Transforming Your Workplace to Drive Employee Engagement
Addressing these challenges will certainly require commitment to a roadmap of workforce transformation. A combination of policy, structural and technology changes will be required to execute a complete workface transformation that improves long-term employee engagement.
As with anything, instituting change can take time but there are some low hanging fruits that can be grabbed quickly. Fortunately technology has matured to the point where there are now proven enterprise platforms and tools available that can help companies accelerate their workforce transformation. These platforms include enterprise Gamification platforms, social engagement platforms and others.
Got Your Game On?
Using Gamification techniques as a method of engaging and motivating employees can be extremely effective if managed correctly. There is a lot of hype and skepticism around the use of these adolescent gaming concepts as a key enabler to drive business productivity. But the concepts are deep rooted not so much in age or demographic, but in human nature and our innate desire for competition, achievement, status, reward, self-expression and altruism.
Key Gamification techniques include earning badges, trophies and achievements for performing certain levels of achievements. This can easily be applied to customer service, support, sales, quality, product development or almost any organizational function. Gamification also promotes status and rewards for desired behaviors such as collaborating as part of a team, communicating through social changes or publishing blogs or other thought leadership pieces.
Companies like Bunchball, Badgeville and Punchtab are a few leaders in providing Gamification platforms to the corporate enterprise. As an example, Bunchball’s applications allow you to seamlessly connect more than 80 enterprise applications, including SAP, Box.net, Yammer, SharePoint and NetSuite. The application allows you to easily capture real-time data about employee activity and from then use that data to track, measure and motivate a broad set of employee behavior.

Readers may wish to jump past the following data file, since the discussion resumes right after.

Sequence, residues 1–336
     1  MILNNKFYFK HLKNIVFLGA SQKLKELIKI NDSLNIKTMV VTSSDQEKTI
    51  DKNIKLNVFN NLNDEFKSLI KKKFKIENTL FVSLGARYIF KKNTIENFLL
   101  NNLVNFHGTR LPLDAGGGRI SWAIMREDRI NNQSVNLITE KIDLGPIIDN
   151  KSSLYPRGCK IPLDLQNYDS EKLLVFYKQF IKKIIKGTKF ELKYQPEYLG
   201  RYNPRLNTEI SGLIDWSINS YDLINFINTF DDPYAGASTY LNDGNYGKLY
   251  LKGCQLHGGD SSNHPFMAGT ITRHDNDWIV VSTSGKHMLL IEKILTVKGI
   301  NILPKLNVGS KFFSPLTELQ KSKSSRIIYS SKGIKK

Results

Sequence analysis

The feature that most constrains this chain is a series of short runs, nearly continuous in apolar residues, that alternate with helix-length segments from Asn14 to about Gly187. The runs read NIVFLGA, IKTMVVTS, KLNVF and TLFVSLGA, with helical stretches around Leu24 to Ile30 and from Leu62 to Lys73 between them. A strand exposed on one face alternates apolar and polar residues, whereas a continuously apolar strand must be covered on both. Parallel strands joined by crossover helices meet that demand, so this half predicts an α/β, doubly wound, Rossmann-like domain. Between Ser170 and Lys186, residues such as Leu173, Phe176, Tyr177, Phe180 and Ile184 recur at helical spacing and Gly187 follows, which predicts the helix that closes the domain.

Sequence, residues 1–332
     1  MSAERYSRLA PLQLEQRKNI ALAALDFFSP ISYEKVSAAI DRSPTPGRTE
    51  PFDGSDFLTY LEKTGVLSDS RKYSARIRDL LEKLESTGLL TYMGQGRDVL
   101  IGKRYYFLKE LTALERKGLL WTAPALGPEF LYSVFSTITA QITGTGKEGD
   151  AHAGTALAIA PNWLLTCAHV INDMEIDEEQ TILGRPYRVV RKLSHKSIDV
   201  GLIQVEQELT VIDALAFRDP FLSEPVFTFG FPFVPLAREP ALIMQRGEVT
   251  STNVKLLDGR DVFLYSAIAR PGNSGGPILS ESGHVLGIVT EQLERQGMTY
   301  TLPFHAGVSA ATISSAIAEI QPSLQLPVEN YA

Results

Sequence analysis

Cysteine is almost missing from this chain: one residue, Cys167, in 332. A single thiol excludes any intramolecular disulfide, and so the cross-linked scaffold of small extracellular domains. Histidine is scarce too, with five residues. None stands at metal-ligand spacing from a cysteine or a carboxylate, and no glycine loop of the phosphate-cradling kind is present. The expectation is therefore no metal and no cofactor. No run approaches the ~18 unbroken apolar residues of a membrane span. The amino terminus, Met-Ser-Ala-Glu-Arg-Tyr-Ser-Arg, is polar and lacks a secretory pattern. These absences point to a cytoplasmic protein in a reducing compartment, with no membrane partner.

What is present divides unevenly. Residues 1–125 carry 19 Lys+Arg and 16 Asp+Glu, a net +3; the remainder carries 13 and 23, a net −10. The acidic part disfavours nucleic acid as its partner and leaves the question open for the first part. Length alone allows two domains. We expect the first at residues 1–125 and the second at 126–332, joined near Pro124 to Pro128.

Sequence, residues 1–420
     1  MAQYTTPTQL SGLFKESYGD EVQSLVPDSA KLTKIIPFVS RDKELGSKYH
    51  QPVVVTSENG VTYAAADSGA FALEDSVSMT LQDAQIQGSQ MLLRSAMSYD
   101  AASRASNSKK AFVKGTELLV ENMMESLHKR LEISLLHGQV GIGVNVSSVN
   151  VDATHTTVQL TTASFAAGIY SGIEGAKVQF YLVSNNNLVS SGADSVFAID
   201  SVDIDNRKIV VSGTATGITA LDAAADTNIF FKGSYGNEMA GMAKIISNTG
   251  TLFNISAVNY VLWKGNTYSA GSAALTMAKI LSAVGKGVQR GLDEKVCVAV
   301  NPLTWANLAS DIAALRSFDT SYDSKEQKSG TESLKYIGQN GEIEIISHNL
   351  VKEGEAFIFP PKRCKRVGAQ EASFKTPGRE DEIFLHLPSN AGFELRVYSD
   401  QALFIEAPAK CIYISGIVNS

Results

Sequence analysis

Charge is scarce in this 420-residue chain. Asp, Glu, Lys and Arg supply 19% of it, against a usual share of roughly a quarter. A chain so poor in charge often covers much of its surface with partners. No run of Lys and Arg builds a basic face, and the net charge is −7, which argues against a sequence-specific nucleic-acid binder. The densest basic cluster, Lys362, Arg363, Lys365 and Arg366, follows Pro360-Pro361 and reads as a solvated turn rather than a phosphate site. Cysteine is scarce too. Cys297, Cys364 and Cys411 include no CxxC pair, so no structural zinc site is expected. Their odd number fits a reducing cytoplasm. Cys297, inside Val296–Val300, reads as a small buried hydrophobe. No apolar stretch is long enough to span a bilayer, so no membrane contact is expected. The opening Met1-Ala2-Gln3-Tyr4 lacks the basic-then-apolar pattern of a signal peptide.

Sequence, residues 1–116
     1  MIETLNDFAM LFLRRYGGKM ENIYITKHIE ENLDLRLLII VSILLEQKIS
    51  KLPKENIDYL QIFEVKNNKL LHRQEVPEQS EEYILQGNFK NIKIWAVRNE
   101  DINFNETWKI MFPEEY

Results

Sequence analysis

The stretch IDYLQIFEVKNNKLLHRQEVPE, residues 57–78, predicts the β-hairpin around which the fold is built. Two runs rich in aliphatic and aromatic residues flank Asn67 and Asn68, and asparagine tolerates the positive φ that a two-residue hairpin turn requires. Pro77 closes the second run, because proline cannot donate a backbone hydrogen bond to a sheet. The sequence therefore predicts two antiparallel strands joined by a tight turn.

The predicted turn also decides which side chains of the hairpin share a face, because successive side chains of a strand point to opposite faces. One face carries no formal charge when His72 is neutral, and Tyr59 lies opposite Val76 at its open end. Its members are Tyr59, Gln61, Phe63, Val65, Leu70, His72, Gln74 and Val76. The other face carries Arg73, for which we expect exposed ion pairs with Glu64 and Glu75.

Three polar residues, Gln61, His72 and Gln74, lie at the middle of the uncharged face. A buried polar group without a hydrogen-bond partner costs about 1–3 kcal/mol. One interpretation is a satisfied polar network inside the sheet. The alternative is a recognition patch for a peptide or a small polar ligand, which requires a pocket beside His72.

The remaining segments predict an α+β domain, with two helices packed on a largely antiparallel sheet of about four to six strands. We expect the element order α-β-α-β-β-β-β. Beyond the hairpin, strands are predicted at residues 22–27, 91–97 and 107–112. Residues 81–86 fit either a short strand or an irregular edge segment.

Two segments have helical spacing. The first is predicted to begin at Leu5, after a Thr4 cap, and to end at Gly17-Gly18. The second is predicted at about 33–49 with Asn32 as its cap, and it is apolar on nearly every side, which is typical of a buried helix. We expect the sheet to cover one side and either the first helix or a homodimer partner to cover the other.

The bottom line is that proper use of Gamification techniques can help organizations make the workplace more engaging and more productive. If you still don’t buy it, Gartner predicted that by 2015, 40 percent of Global 1000 organizations will use Gamification as the primary mechanism to transform business operations.
Are You Being Social?
There is no denying that social interactions have transformed the way we communicate with each other and how many companies now transact business with their customers. However, companies are still very slow to adapt these paradigms in their enterprise for managing their workforce, improving worker productivity and accelerating innovation.
Implementing a social collaboration platform to increase collaboration and productivity can be a crucial step in improving employee engagement. Social software vendors such as Jive have consistently reported employee engagement benefits. Some of the benefits reported include:
- 39% increase in employee connectedness
- 32% more ideas generated and captured
- 30% increase in employee satisfaction
- 27% reduction in email
- 32% reduction in time to find answers
- 37% increase in project collaboration and productivity.
Even if a fraction of the above is realizable in your company, then it will be clear that being more social in your enterprise has immense benefits. McKinsey has estimated that by adopting organizational wide social technologies, companies could raise the productivity of knowledge workers by 20-25 percent.
Committing to the Employee Engagement Journey
Technology will continue to revolutionize not only how work gets done, but also how people access their work and interact with each other. The new millennial worker will arrive with a new set of expectations of the workplace which will raise the bar even higher as to what true employee engagement means.
It’s clear that “business as usual” for managing employees is no longer an option. While adapting Gamification, social platforms and tools are a necessary start, a commitment to changes in company policies, organizational structures and culture will ultimately be needed to drive lasting employee engagement.
Take these steps now. Your people are worth it.
This post (list) was originally published on CMSWire on March 11, 2013, and is re-posted here by permission.